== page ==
In the 1980s, he became well known as Major Neuheim in the award-winning Private Schulz and as Sir Godber Evans in Channel 4's adaptation of Porterhouse Blue. Richardson also performed the role of Sherlock Holmes for two of six planned BBC television movies, The Sign of Four and The Hound of the Baskervilles, in 1983, which were both critically acclaimed. He appeared in Brazil (1985) and played Jawaharlal Nehru in the television serial, Lord Mountbatten: The Last Viceroy (1986). He portrayed Anthony Blunt, the Soviet spy and Surveyor of The King's Pictures in the BBC film Blunt: the Fourth Man (1986) opposite Anthony Hopkins as Guy Burgess. In 1988, he played Edward Spencer, the eccentric and oblivious English landowner in 1920s' Ireland in Troubles, from J. G. Farrell's award-winning novel. In 1987, he played a variation on this role, when he portrayed the Bishop of Motopo in the non-musical television film Monsignor Quixote, based on Graham Greene's modernized take on Don Quixote. He played Sir Nigel Irvine in John Mackenzie's adaptation of Frederick Forsyth's novel The Fourth Protocol (1987).

1989

He was appointed Commander of the Order of the British Empire (CBE) in the 1989 New Year Honours.

1990

Other roles in this period include Polonius in Rosencrantz & Guildenstern Are Dead (1990), wine dealer Sir Mason Harwood in The Year Of The Comet (1992), the French ambassador in M. Butterfly (1993), Martin Landau's butler in B*A*P*S (1997), a malevolent alien in Dark City (1998), The Kralahome in The King and I (1999), Cruella de Vil's Barrister, Mr. Torte QC, in the live-action film 102 Dalmatians (2000), and a corrupt aristocrat in From Hell (2001).

1999

In 1999, Richardson became known to a young audience as the main character Stephen Tyler in both series of the family drama The Magician's House (1999–2000). Following this he played Lord Groan in the major BBC production Gormenghast (2000), and later that year he starred in the BBC production Murder Rooms: The Dark Beginnings of Sherlock Holmes (2000–2001) (screened in PBS's Mystery! series in the US), playing Arthur Conan Doyle's mentor, Dr. Joseph Bell, a role he welcomed as an opportunity to play a character from his native Edinburgh. He had earlier played Sherlock Holmes in television versions of The Hound of the Baskervilles (1983) and The Sign of Four (1983). He once more returned to fantasy in the recurring role of the villainous Canon Black in the short-lived BBC cult series Strange (2003).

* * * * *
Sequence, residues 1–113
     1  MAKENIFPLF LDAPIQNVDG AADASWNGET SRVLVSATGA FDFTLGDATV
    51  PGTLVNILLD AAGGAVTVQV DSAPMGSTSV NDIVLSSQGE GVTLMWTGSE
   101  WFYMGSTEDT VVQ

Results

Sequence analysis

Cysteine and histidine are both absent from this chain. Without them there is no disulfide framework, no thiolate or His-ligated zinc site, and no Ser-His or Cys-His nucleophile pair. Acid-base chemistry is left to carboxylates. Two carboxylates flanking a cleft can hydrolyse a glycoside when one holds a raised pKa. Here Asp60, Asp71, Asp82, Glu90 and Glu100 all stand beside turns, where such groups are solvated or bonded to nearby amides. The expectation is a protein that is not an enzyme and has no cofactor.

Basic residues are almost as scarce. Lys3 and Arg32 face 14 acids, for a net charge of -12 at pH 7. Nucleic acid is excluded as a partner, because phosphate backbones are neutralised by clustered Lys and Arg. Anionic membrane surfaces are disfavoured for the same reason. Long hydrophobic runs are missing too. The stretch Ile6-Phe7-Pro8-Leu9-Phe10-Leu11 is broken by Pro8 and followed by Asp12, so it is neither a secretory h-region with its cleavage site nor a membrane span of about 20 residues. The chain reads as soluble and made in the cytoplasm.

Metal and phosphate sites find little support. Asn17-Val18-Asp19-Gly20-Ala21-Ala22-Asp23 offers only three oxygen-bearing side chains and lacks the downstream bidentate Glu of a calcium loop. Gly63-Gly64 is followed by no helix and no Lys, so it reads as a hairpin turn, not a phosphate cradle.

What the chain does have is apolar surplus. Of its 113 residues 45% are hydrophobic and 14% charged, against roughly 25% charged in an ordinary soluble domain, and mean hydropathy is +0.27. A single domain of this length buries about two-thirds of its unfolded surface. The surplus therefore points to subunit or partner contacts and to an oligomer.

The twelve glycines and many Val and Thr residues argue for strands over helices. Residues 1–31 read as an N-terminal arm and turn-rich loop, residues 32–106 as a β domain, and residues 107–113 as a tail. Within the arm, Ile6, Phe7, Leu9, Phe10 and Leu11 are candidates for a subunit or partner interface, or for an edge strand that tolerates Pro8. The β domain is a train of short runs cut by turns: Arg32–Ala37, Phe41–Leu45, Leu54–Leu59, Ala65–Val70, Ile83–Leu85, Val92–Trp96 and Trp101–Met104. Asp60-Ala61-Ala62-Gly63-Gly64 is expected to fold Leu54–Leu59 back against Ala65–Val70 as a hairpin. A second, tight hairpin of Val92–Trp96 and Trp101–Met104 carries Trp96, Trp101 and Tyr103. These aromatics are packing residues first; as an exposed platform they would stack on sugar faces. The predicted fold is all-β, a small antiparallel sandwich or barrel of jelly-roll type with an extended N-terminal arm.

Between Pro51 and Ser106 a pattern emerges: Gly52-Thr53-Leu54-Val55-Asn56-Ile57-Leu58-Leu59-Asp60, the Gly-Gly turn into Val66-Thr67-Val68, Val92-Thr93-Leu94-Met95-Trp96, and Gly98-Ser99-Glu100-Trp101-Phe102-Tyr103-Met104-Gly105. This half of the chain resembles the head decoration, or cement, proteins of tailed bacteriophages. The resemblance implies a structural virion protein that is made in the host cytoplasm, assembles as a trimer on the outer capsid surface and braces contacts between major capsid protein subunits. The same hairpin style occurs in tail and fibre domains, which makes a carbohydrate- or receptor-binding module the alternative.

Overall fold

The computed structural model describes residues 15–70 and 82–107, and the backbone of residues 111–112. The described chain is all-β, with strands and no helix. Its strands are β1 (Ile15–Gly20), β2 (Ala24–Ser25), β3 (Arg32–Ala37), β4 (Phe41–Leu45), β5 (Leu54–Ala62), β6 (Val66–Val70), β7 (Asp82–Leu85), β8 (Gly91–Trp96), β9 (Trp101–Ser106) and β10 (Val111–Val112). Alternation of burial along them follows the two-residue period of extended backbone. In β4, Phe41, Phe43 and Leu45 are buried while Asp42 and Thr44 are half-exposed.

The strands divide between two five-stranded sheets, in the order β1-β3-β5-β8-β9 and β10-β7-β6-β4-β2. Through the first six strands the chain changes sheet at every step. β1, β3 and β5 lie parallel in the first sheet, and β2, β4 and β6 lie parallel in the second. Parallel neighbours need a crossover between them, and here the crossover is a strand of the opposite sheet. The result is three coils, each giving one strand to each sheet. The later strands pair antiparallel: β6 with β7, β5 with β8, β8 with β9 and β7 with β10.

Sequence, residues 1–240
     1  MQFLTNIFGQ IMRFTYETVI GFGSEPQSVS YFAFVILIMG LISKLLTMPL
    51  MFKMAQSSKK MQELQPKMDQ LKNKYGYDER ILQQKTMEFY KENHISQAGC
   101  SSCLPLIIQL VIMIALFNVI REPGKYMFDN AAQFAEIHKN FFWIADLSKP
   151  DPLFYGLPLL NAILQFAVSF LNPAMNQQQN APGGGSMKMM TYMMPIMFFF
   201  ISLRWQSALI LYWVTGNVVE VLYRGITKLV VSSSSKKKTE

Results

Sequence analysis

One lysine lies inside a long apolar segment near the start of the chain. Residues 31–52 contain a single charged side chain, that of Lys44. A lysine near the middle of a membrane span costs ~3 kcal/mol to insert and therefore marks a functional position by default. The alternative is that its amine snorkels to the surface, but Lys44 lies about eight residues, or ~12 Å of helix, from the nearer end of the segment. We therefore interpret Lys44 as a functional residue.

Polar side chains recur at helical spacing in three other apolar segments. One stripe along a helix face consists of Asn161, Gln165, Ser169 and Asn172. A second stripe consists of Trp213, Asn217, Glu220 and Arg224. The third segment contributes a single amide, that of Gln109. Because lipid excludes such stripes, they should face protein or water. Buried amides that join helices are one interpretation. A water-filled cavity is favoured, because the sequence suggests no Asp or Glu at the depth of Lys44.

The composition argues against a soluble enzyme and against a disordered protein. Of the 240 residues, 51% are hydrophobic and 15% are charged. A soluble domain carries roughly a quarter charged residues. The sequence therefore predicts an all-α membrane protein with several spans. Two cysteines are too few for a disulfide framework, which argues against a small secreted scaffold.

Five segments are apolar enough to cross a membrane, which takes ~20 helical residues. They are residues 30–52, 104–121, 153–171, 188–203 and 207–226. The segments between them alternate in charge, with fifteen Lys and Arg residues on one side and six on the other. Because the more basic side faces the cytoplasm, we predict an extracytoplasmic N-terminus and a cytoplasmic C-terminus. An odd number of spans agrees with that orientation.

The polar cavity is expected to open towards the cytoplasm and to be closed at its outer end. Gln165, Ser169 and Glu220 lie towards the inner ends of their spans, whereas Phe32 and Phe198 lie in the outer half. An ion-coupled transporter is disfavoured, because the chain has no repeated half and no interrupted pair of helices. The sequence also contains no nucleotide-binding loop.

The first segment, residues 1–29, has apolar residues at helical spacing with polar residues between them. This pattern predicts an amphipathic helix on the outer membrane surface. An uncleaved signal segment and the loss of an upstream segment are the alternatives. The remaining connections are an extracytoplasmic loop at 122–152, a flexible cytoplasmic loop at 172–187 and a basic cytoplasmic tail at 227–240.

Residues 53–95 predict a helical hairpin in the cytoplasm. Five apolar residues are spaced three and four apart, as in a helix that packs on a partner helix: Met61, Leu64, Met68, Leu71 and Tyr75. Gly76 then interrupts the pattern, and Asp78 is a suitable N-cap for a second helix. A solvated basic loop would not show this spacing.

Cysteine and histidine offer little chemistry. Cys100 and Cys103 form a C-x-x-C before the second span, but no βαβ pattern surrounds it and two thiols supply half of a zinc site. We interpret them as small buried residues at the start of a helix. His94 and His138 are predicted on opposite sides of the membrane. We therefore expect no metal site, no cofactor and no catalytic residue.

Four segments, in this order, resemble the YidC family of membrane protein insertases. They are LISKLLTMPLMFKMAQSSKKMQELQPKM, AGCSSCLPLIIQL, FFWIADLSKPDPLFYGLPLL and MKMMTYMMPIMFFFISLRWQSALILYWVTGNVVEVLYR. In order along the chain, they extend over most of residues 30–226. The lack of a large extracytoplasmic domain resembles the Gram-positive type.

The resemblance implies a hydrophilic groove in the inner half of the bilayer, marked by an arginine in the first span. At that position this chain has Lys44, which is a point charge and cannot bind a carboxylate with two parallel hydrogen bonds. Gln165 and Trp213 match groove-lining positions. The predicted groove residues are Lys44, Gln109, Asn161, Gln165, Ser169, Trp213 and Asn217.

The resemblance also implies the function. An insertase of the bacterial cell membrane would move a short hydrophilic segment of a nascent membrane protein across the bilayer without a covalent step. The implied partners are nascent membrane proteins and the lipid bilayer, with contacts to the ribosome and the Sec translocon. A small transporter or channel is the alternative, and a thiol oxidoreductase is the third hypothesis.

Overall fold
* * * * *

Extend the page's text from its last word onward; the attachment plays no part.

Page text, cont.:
2002

In 2002, Richardson joined Sir Derek Jacobi, Sir Donald Sinden and Dame Diana Rigg in an international tour of The Hollow Crown. A Canadian tour substituted Alan Howard for Jacobi and Vanessa Redgrave for Rigg. He also appeared in The Creeper by Pauline Macaulay at the Playhouse Theatre in London, and on tour. His last stage appearance was in 2006 as Sir Epicure Mammon in The Alchemist at the National Theatre in London.

2005

In 2005, he took on the role of a curiously detached Chancellor in the television drama Bleak House. He also played the Judge in the family-based film, The Adventures of Greyfriars Bobby (2005). Additionally in that year, he appeared in ITV's main Christmas drama The Booze Cruise 2, playing Marcus Foster, a slimy upper class businessman forced to spend time with "the lower classes". He returned to this role for a sequel the following Easter.

2006

Dame Helen Mirren dedicated her 2006 Best Actress BAFTA award for her portrayal of Queen Elizabeth II in the film The Queen to Ian Richardson. In her acceptance speech she said that, without his support early in her career, she might not have been so successful, before breaking down and leaving the stage. Other tributes and reminiscences by Richardson's colleagues are offered in a memoir by Sharon Mail, We Could Possibly Comment: Ian Richardson Remembered (2009).

2007

Richardson died in his sleep of a heart attack on the morning of 9 February 2007, aged 72. According to his agent, he had not been ill and had been due to start filming an episode of Midsomer Murders the following week, playing Victor Godbold, Lord Holme in the episode "Death in a Chocolate Box"; Edward Petherbridge took over the role. Richardson was survived by his wife, Maroussia Frank, an Actress, and two sons. One son, Miles, is an actor with the Royal Shakespeare Company. Richardson's widow and his son Miles placed his ashes in the foundations of the auditorium of the Royal Shakespeare Theatre in Stratford, during its renovations in 2008.

2013

He played one musical role on film – the Priest in Man of La Mancha, the 1972 screen version of the Broadway musical. Also in 1972, he played Anthony Beavis in the television series Eyeless in Gaza. In 1974, he played King Richard II/Bolingbroke in Richard II part of the Camera Three television series. In 1978, he played Robespierre in the BBC's Play of the Month production of Danton's Death. In 1979, he played Field Marshal Sir Bernard Montgomery in the TV miniseries Ike